There were some limitations in this study. The study sample was from the outpatients of the department of dermatology and the time consuming of completing the questionnaire might lead to selection bias. To decrease burden of the study on patients, test-retest reliability was not evaluated. And responsiveness, i.e. the ability of the instrument to detect small but meaningful changes over time was not evaluated either because it was hard to investigate clinical significant changes for many dermatologic conditions enrolled in this study within a reasonable time frame.

Additional studies would include further validation with patients from multi-center clinics, evaluation of test-retest reproducibility and responsiveness of the instruments. And international cooperative research could be expected to use the Skindex to measure HrQoL in patients with dermatological disease. In addition, more information on patients from different socio-cultural areas and environments would be desirable. In particular, using the original English version of scale could have introduced response bias because of cultural differences between the US and China. How the Skindex might exhibit Differential Item Functioning (DIF) among patients with different cultural background needs further research.

Conclusion

The Chinese versions of Skindex-29 and Skindex-16 have been developed and demonstrated to be reliable and valid instruments for use as HrQoL instruments in Chinese patients with dermatological disease. The Skindex is expected to be adopted into clinical practice and clinical trials to allow physicians to increase the attention paid to HRQoL of patients not only the symptoms of dermatological disease.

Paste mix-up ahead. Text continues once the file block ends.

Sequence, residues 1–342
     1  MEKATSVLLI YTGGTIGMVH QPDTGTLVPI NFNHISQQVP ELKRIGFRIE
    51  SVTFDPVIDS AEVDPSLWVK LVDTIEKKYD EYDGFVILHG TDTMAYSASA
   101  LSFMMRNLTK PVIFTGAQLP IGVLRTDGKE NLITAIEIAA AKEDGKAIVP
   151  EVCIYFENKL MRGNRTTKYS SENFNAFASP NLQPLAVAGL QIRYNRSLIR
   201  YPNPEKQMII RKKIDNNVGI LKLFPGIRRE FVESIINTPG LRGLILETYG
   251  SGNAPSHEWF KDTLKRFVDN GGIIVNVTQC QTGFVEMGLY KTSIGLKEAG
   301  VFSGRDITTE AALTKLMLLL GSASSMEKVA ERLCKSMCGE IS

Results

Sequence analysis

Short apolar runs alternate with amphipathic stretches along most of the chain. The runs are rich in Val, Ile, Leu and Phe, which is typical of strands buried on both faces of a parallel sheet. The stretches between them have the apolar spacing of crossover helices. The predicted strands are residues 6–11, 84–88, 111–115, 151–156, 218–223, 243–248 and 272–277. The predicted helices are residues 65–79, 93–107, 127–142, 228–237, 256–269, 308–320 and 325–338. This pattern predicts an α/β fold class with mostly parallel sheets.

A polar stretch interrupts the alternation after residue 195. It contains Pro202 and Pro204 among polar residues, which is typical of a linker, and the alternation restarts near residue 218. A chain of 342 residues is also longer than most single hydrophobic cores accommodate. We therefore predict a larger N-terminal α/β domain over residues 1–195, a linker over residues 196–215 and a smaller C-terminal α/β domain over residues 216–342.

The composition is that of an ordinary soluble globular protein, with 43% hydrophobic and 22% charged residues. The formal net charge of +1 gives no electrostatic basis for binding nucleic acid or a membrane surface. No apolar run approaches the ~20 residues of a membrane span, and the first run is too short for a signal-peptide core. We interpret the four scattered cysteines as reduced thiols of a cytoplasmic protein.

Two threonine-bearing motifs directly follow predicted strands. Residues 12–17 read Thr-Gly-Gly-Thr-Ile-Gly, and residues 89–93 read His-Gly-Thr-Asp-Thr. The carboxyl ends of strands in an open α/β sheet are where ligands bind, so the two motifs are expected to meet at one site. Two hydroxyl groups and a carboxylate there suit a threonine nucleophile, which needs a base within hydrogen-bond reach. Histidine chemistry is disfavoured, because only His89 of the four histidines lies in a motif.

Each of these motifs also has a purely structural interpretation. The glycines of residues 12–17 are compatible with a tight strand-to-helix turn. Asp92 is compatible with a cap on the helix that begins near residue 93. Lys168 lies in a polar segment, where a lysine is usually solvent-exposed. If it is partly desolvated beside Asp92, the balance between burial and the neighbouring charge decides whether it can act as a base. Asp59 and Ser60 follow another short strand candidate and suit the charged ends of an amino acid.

Abbreviations

HrQoL:

Health-related quality of life

DLQI:

Dermatology life quality index

EFA:

Exploratory factor analysis

CFA:

Confirmatory factor analysis

GFI:

Goodness of fit index

AGFI:

Adjusted goodness of fitindex

NFI:

Normed fit index

CFI:

Comparative fit index

SRMR:

Standardized root mean square residual

RMSEA:

Rootmean square error of approximation

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Acknowledgements

This study was supported by the National Key Technology R&D Program for the 12th Five-year Plan of Ministry of Science and Technology, China (No. 2013BAI02B03) and the Financial Industry Technology Research and Development Program of Guangdong Province, China (No. 2011(285)05).

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Correspondence to Chuanjian Lu.

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The authors declare that they have no competing interests.

Authors’ contributions

ZH and CL contributed to the design of the study, planned and monitored the data collection procedures. ZH performed the statistical analysis and drafted the manuscript. MMC, YL, XN, HABV and PFR participated in the process of translation and adaptation. ZZ carried out patient interviews, data collection and data entry. MMC, ZZ, HABV, PFR and GZL contributed to the critical revision of the manuscript. All authors read and approved the final manuscript.

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He, Z., Lu, C., Chren, MM. et al. Development and psychometric validation of the Chinese version of Skindex-29 and Skindex-16. Health Qual Life Outcomes 12, 190 (2014). https://doi.org/10.1186/s12955-014-0190-4

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Keywords

  • Health-related quality of life
  • Skindex
  • Chinese
  • Validation